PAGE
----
Having been a busy member of a popular and busy band at such a young age, Josh had no time to establish any kind of normal life. His challenge now, reflected in this interview, is to strike a balance between a real home life and a life in music.

 

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This interview was conducted in June, 2018 by Louise Goffin at Pennard House, where they both participated in their friend/mentor Chris Difford's song camp in Somerset, UK in a "beautiful room with high ceilings."  You can hear Louise's interview with Chris Difford in Episode 9. 

 


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Jan 07, 2019
Episode 15 Mike Stoller, Part 2.
50:40

Episode 15
Mike Stoller

Part 2.




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Mike Stoller at Home, August 2018.

All Photos by Paul Zollo

The Great Song Adventure had the glorious privilege of interviewing Mike Stoller, one of the world's most legendary living songwriters, at his beautiful home high in the hills above Los Angeles, summer of `18. 


With his partner, Jerry Leiber, who mostly wrote lyrics as Mike mostly wrote the music (though this overlapped at times), he's the writer of countless classic songs, songs which are all modern standards now, including "Stand By Me" (written with and performed by Ben E. King), "Spanish Harlem (written with Phil Spector), "Is That All There Is?", "Love Potion # 9," "Jailhouse Rock," "Kansas City," "Hound Dog" and more. Much more. 


So as to ensure their songs would be well-produced, they became producers - even before that term was used. ("We preferred 'director' to 'producer'," Mike said. "But we were over-ruled."  )


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This is Part 2 of our two-part interview, recorded in August, 2018. 

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Mike with Louise Goffin


All Photos by PAUL ZOLLO
Paul Zollo Photography 

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Dec 31, 2018
Episode 14. Mike Stoller Part I
42:42


Episode 14

Mike Stoller
Part I

 

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August 7, 2018. 
Interview by LOUISE GOFFIN & PAUL ZOLLO
All Photos by PAUL ZOLLO

 



"Stand By Me," "Is That All There Is," "Kansas City," "Poison Ivy," "Jailhouse Rock," "Spanish Harlem," "Love Potion #9," "Hound Dog." All songs by Mike & Jerry. Better known as Leiber & Stoller. 

 

 

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Mike & Jerry in their office on Sunset Boulevard, 2006.

 



"Well, you know," Mike Stoller said back in 2006,  "sometimes when you're being interviewed you give a very quick answer." He said this about one of the many prevalent and inaccurate Leiber & Stoller myths. Which is why we're especially grateful to Mike for taklng the time to talk unrushed about his remarkable life and work, and to not only correct the record, but add so much more to it.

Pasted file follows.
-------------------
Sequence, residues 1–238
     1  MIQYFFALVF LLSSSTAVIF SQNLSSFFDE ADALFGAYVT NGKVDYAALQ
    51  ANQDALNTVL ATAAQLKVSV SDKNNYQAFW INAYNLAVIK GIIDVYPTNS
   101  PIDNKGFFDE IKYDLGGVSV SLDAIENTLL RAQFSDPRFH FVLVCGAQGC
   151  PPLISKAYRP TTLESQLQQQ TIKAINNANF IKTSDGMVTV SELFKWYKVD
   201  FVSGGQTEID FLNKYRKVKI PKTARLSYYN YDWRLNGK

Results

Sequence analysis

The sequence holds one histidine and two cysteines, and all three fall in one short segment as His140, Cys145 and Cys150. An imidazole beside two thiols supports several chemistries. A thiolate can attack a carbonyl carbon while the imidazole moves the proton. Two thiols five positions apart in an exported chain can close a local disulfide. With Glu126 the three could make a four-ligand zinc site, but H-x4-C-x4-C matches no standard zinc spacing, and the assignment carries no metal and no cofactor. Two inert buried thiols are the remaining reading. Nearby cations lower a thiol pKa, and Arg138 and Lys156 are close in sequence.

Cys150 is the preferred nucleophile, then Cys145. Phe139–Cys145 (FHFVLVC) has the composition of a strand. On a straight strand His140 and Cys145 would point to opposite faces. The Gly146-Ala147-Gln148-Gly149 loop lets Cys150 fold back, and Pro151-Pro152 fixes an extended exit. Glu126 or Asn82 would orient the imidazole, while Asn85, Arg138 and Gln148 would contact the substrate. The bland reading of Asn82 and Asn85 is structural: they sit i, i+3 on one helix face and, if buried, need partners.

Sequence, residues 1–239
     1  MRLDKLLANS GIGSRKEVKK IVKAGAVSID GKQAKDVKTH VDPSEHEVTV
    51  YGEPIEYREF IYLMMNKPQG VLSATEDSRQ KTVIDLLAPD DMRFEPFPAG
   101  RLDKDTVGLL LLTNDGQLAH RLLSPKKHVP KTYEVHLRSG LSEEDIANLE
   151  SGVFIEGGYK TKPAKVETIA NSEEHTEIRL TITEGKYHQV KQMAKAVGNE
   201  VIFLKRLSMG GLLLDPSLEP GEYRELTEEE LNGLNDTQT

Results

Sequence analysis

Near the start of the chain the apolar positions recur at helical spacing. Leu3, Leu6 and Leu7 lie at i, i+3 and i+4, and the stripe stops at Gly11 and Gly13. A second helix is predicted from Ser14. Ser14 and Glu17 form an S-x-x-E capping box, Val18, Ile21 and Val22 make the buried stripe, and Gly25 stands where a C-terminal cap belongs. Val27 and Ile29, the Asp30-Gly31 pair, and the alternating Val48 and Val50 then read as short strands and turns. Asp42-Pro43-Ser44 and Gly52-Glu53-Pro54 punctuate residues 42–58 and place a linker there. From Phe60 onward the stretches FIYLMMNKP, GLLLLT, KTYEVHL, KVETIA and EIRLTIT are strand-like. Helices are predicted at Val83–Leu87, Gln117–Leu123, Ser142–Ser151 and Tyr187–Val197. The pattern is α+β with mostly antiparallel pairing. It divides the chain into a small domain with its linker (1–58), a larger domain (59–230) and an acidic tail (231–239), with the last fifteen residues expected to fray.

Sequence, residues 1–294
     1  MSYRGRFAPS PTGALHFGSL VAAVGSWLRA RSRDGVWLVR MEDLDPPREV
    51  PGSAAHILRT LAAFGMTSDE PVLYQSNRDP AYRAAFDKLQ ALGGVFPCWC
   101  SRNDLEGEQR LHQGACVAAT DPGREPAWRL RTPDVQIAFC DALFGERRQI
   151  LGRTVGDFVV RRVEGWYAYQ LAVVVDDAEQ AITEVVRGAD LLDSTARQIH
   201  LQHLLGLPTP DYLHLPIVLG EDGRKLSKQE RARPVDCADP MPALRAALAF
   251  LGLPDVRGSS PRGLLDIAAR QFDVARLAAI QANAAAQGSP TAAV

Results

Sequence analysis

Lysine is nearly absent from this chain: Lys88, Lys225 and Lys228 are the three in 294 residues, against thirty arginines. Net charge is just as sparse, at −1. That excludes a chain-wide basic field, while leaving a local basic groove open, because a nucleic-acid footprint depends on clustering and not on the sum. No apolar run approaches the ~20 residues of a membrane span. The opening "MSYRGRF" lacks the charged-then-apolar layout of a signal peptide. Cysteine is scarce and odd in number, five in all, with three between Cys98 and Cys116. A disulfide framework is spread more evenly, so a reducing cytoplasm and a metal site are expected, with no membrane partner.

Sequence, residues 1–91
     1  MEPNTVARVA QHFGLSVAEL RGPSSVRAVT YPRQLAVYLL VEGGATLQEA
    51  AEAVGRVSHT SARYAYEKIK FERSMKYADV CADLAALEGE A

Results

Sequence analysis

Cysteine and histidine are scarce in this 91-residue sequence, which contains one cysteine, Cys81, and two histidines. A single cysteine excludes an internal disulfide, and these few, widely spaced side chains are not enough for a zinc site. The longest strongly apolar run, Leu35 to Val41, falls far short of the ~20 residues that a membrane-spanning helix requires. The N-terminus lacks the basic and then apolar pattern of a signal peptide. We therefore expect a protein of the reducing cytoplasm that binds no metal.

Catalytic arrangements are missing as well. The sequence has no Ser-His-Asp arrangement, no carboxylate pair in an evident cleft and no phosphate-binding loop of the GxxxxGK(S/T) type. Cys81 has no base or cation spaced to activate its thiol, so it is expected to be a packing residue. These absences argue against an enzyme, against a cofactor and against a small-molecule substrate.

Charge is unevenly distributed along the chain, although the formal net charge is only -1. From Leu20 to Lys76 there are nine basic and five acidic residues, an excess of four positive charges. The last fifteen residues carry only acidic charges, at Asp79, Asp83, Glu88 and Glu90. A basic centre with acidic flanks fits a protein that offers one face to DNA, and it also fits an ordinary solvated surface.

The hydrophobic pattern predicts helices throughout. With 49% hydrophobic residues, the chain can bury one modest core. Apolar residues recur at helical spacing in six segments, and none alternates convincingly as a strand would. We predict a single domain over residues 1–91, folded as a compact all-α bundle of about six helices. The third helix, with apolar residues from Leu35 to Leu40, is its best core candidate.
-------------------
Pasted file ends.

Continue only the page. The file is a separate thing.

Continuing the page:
We conducted this interview with his at his home on a beautiful August day in the beautiful home high in the Hollywood Hills he shares with his wife, the legendary harpist-singer Corky Hale. With two grand pianos, Corky's harp, beautiful giant paintings, photographs, sunlight streaming and a stunning view of Los Angeles glimmering in the distance all around us, it was a joyful and luminous setting for a talk with Mike Stoller. 

 

  

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Especially poignant was to hear him talk in great depth about the brilliance, whimsy, and prodigious talent of his late great partner, Jerry Leiber, who died in 2011. Jerry wrote the words, and Mike the music, and they came together just as Ira and George Gershwin did a couple of decades before them, to write songs for America and the world to revel in. But unlike the Gershwins, the most famous songs that Mike and Jerry created were part of a new era. They were the architects of a new sound, a new craze, a new era of wild rhythm and bluesy tunes. It was rock and roll. It was a bridge from the blues – in which both Leiber & Stoller were well-versed – to popular music, a bridge they built themselves. 

 

 

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It is true, though, that, as reported, Mike didn’t like the idea of writing songs with Jerry when they met in 1950. It’s not true, though, as has often been quoted, that he said he didn’t like songs. What he said he didn’t like were popular songs. He preferred jazz and blues. The hip stuff. But when he realized that the young Jerome Leiber had written not pop songs but blues, a bridge was built between them that stood for six decades of work, and is solid forever.



Then, of course, they went onto write and produce a remarkable bounty of hit records - and many of the most famous hit records of all time. But it all started, as related here, with the blues. They weren't aiming for the pop stars. They wanted the kings and queens of the blues to sing their songs. They wanted Big Mama Thornton. And their dream came true.